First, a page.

Fulbright-Kennan Scholar; Professor, International Relations, Chernivtsi National University, Chernivtsi, Ukraine
On May 9, President Biden signed a law on military assistance to Ukraine on a lease basis, the second time in the history of the United States. The significance of this goes far beyond the supply of arms and military equipment: Ukraine is not just receiving unprecedented assistance from Western countries, it is becoming part of the West itself, moving to the top political league.
At first glance, this statement may sound like an exaggeration, but it is not. To prove it, we need to turn to the legacy of the prominent American political scientist Zbigniew Brzezinski. In 1997, he published one of his most fundamental works, The Grand Chessboard: American Dominance and Its Geostrategic Imperatives. Analyzing the leading participants of the game on the world political chessboard, Z. Brzezinski identifies two groups of important states: geopolitical players and geostrategic centers. The first have the ability and national will to influence the geopolitical situation. The importance of another group of states is determined not by power characteristics, but by geographical location, which makes them vulnerable to geopolitical players. Brzezinski identifies five geopolitical players (USA, Russia, China, India, Germany and France), as well as five geostrategic centers, namely, Azerbaijan, South Korea, Turkey, Iran and Ukraine.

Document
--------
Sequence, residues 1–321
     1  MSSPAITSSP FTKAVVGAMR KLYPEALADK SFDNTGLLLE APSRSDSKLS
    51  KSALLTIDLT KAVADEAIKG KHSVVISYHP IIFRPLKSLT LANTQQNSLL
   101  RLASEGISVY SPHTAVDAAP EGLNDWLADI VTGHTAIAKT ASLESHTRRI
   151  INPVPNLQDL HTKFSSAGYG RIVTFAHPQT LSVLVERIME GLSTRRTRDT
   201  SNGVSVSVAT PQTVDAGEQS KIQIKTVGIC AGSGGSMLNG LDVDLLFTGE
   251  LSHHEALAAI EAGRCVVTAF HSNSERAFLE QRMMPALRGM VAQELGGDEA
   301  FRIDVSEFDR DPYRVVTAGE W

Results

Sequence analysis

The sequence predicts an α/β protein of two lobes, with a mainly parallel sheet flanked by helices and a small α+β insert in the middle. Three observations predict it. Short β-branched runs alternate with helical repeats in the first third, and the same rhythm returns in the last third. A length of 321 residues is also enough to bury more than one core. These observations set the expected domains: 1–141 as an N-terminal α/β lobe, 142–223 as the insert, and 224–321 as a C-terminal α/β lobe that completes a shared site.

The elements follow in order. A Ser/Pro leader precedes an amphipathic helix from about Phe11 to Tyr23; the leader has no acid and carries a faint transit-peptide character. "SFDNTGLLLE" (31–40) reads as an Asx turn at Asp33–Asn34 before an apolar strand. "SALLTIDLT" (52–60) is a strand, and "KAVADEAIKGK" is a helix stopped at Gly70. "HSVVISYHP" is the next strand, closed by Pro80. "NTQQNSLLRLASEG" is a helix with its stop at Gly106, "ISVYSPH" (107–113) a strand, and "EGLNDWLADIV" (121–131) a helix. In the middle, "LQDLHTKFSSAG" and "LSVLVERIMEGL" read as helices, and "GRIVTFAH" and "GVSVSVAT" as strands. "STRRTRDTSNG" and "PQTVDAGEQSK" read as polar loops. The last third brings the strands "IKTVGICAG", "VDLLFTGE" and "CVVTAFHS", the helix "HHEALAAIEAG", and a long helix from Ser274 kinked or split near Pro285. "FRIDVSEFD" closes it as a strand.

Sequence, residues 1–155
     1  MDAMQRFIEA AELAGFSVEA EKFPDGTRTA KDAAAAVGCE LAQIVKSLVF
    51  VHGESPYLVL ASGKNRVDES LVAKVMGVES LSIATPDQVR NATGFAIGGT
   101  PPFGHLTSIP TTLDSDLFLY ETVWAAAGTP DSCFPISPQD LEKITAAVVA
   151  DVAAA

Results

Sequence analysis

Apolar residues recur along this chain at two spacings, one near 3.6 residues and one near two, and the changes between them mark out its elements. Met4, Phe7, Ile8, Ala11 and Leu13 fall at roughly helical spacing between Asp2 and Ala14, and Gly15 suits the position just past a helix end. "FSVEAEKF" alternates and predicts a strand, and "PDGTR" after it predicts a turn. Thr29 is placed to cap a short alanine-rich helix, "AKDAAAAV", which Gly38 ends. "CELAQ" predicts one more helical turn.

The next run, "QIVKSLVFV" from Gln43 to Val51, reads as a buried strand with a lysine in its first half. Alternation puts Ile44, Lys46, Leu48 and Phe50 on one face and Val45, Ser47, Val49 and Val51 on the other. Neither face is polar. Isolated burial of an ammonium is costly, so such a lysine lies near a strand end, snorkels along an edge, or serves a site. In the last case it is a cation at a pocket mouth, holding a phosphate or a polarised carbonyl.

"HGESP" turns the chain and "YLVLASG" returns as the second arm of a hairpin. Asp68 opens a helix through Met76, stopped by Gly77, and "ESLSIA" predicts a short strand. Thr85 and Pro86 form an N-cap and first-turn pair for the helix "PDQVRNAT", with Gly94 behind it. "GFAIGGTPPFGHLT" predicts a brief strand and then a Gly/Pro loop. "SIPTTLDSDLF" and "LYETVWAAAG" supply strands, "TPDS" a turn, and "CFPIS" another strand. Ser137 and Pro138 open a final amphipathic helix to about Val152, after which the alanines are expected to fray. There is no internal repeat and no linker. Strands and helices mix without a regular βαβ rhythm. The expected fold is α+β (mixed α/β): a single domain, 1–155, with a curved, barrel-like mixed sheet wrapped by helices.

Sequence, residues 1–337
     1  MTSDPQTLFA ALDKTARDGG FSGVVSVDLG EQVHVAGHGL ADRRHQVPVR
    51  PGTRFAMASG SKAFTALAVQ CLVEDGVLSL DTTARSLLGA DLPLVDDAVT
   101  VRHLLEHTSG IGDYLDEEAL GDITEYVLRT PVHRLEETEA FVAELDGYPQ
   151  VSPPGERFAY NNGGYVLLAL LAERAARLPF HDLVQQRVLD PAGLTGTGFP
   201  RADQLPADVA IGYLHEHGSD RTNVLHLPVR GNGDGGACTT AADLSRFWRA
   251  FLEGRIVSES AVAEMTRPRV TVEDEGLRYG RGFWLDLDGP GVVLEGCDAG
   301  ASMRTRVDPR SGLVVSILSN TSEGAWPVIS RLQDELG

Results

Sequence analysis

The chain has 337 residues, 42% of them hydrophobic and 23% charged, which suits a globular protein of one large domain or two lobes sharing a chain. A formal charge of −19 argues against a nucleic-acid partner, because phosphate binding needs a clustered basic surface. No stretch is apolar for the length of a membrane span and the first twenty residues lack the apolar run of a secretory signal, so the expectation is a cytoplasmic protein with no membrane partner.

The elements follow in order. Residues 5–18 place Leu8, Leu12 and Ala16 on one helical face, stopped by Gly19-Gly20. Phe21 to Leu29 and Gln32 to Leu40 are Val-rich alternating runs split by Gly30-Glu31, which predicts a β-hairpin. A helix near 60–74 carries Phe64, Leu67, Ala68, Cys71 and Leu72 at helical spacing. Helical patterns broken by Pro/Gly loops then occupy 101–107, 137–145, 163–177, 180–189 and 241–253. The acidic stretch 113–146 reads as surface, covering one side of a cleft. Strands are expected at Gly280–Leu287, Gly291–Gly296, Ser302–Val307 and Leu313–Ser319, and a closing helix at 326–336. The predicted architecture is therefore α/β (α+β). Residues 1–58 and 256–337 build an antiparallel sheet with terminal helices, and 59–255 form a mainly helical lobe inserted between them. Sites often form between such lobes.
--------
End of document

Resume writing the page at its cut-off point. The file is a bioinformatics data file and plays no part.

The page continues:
Why is Ukraine in this group? According to Brzezinski, the existence of Ukraine as an independent state helps to transform Russia, preventing it from remaining a Eurasian empire. Without Ukraine, Russia will remain a largely Asian imperial power, likely to be embroiled in debilitating conflicts in the increasingly Islamized Central Asia region. That is, in fact, it depends on Ukraine whether Russia will become a normal democratic state or remain an Asian sub-empire.
The Russian-Ukrainian war increasingly confirms the validity of this thesis of
Z. Brzezinski. Fierce resistance to Russian aggression demonstrates Ukraine’s growing ability to influence the transformation of its geopolitical space. The point is that Ukraine is showing the ability to change the geopolitics of the European continent and especially Central and Eastern Europe, acting as a power to shield itself from Russian imperial aggression, as well as a center of gravity for the post-communist and western newly independent states of the former Soviet Union. Attempts to keep Ukraine out of Western institutions continue due to inertia. However, it is becoming increasingly clear that the United States and Europe already understand not only the strategic importance but also necessity of Ukraine for the future survival of Western civilization. Figuratively speaking, Ukraine ceases to be a cell of the big chessboard field and becomes an active figure in this field.